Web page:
Haiti is undergoing one of its most severe prolonged crises—one that has left vast swaths of the capital in the hands of gangs, left journalists and protesters dead, and shut down social services and the distribution of gasoline. In October, the country’s prime minister—who is also its de facto president—called for the deployment of foreign militaries to combat the unrest.
The unrest and political crisis comes in the aftermath of the July 2021 assassination of the country’s president, Jovenel Moïse. Following the murder, Prime Minister Ariel Henry took power, further limiting Haiti’s democratic process by continually pushing back elections at all levels of government. Investigations into the assassination of Moïse have stalled.
“Prime Minister Henry has not been doing anything,” Rosy Auguste Ducena, a human rights defender with the Port-au-Prince-based human rights organization Réseau National de Défense des Droits de l’homme, tells The Progressive. “This is the reason why the population is asking for him to step down.”
She adds, “The government is using the gangs to maintain power.”
The assassination occurred as the country had already seen its democratic institutions begin to fail. Since 2020, the country’s parliament has remained inoperable, local governments have had their terms end without new elections, and the country’s supreme court has lacked a quorum. Corruption has grown and gangs have increasingly gained more power and influence throughout the country.
In September 2022, protests erupted across Haiti after Henry announced that fuel subsidies would end. But the unrest was driven more by popular anger over the lack of democratic elections and functioning social services pushed by a U.S.-backed de facto leader. Protesters demanded that Henry resign, a guarantee of safer streets, and a decrease in the cost of goods. The situation grew worse when gangs allied with various politicians and began to expand their influence through violence.
At least eight journalists have been killed by police during the unrest.
Haitian police have responded by repressing the protests with tear gas and live ammunition. Despite this, the protests have continued. According to the United Nations’ International Organization for Migration, more than 96,000 Haitians have been forced to flee their homes because of the violence.
“This is what we are living with today,” Auguste Ducena says. “The government is not doing anything to make sure they are able to survive or that they will be able to go back to their homes. It is a very bad situation.”
Faced with the growing unrest, the de facto government of Haiti has requested that the international community send military forces to the country to assist in controlling the crisis. The United States and Canadian governments have continued to seek support from the United Nations to deploy soldiers to the Caribbean country, but some UN members have condemned efforts to escalate the situation.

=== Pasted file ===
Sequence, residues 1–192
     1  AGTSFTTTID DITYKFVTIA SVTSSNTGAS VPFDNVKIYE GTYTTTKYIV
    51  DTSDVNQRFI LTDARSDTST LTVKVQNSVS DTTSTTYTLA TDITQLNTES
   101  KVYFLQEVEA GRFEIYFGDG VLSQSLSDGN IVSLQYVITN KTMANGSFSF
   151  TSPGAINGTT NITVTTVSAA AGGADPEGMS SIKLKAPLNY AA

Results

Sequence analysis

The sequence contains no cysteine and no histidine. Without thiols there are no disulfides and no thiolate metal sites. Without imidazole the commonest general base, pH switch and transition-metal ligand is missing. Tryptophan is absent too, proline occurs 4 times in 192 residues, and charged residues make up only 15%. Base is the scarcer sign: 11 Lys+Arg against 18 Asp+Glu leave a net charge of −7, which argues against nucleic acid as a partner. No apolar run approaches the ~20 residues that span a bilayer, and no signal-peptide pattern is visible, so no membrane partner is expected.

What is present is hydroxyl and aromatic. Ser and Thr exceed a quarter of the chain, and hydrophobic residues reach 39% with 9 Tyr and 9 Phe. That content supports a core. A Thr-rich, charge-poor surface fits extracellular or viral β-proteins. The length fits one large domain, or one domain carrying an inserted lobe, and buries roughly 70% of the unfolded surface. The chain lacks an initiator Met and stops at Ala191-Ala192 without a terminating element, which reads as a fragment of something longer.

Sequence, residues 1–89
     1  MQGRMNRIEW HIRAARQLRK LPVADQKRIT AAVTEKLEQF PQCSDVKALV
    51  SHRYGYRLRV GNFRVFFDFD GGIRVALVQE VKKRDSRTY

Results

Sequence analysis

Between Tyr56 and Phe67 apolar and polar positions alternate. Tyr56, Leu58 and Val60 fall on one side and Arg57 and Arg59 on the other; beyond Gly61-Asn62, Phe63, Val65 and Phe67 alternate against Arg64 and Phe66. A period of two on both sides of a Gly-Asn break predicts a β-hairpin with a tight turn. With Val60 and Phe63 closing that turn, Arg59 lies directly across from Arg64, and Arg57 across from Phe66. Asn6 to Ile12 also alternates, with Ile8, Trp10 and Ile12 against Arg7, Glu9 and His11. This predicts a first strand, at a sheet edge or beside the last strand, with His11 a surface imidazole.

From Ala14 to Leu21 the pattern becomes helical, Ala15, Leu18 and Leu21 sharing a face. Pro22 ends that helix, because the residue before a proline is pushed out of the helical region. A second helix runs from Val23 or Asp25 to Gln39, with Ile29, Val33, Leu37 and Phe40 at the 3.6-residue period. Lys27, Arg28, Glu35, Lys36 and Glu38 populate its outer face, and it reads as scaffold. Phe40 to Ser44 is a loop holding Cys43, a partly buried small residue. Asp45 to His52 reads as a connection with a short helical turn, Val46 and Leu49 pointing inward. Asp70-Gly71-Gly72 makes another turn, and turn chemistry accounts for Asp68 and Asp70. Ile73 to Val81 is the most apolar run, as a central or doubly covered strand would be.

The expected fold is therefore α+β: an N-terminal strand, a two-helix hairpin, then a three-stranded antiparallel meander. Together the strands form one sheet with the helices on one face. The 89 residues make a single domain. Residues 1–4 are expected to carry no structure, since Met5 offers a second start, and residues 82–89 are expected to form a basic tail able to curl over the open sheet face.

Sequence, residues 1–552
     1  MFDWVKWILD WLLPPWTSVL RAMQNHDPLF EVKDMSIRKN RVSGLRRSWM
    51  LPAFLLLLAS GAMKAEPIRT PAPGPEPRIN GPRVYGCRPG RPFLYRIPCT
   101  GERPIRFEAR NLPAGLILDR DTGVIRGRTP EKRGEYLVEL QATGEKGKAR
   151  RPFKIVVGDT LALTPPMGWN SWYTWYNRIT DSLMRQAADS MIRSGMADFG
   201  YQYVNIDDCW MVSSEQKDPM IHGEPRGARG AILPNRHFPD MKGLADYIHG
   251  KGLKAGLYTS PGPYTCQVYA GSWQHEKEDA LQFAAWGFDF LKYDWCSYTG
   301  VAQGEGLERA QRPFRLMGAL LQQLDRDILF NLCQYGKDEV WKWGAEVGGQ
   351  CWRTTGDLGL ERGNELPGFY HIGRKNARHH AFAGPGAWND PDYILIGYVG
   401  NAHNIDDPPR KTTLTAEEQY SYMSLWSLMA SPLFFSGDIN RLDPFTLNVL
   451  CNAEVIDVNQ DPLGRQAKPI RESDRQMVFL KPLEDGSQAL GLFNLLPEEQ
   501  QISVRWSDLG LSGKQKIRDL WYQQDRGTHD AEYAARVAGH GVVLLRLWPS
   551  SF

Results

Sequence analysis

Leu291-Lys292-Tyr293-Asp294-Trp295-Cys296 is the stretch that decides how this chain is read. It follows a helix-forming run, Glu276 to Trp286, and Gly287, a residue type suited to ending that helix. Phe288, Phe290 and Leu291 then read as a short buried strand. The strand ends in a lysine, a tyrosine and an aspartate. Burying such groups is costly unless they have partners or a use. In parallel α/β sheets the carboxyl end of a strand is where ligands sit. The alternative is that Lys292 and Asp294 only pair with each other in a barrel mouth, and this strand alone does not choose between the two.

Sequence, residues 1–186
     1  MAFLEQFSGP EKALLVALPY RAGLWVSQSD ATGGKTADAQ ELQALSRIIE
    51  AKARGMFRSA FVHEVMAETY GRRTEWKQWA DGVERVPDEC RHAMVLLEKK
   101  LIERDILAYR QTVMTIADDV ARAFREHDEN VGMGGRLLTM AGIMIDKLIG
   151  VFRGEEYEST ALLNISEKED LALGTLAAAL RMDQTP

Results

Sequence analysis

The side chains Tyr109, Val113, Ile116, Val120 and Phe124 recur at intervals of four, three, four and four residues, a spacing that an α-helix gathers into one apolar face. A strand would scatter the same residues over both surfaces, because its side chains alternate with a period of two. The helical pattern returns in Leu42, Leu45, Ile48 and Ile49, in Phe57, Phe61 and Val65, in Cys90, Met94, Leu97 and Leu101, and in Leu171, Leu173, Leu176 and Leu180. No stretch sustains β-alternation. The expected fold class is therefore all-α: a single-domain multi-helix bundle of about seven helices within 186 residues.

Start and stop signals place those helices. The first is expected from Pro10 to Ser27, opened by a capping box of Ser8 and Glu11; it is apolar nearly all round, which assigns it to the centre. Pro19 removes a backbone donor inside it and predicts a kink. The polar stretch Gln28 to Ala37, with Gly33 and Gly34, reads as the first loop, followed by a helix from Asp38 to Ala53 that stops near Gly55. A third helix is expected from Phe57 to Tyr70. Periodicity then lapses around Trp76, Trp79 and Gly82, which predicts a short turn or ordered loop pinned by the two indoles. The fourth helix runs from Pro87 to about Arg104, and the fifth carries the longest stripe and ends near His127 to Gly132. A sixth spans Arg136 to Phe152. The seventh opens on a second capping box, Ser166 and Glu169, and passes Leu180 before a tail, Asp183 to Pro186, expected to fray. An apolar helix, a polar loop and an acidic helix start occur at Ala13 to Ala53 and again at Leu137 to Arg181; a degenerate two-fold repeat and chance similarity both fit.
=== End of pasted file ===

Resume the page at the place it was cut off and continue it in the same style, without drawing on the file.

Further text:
International organizations, too, have denounced the efforts to deploy soldiers. The Haitian lawyers group Bureau des Avocats Internationaux, or BAI, issued a letter to the intergovernmental organization Caribbean Community, or CARICOM, calling on the region to reject the militarization of the crisis.
“Any support for the intervention by [CARICOM] would violate CARICOM’s democratic principles, betray Haitians’ centuries-long struggle for democracy and sovereignty, and implicate CARICOM in attacks against civilians exercising their basic human rights,” Mario Joseph, the director of BAI, wrote in the letter. “We do not want our CARICOM sisters and brothers to come with guns to help powerful countries impose a repressive regime on us. We want our sisters and brothers to come in solidarity, with respect and democratic principles.”
There is a long history of the use of foreign military interventions in Haiti to maintain the influence of the United States and other international powers. United States troops first occupied the island nation in 1915. These interventions have had the effect of rolling back democratic institutions.
“The only explanation for the policy of powerful countries like the U.S., Canada, and France over that time period is a persistent fear of popular democracy breaking out in Haiti,” Brian Cancannon, a lawyer and board member of the Institute for Justice and Democracy in Haiti, tells The Progressive.
In 1804, Haiti became the first former slave colony to rise up in revolution against an unjust colonial power. That year, revolutionary former slaves declared their independence from France, liberating themselves but also denying France’s claim to the spoils of one of the richest colonies in the New World.
But since the 1804 independence from France, foreign powers have long sought to invade or extort Haiti . These invasions culminated in 1915, when United States Marines invaded the country and carried out a brutal occupation after National City Bank, now Citigroup, expressed fears of the country defaulting on their loan payments. The Marines would not be forced out by popular protest until 1932, after years of brutal occupation.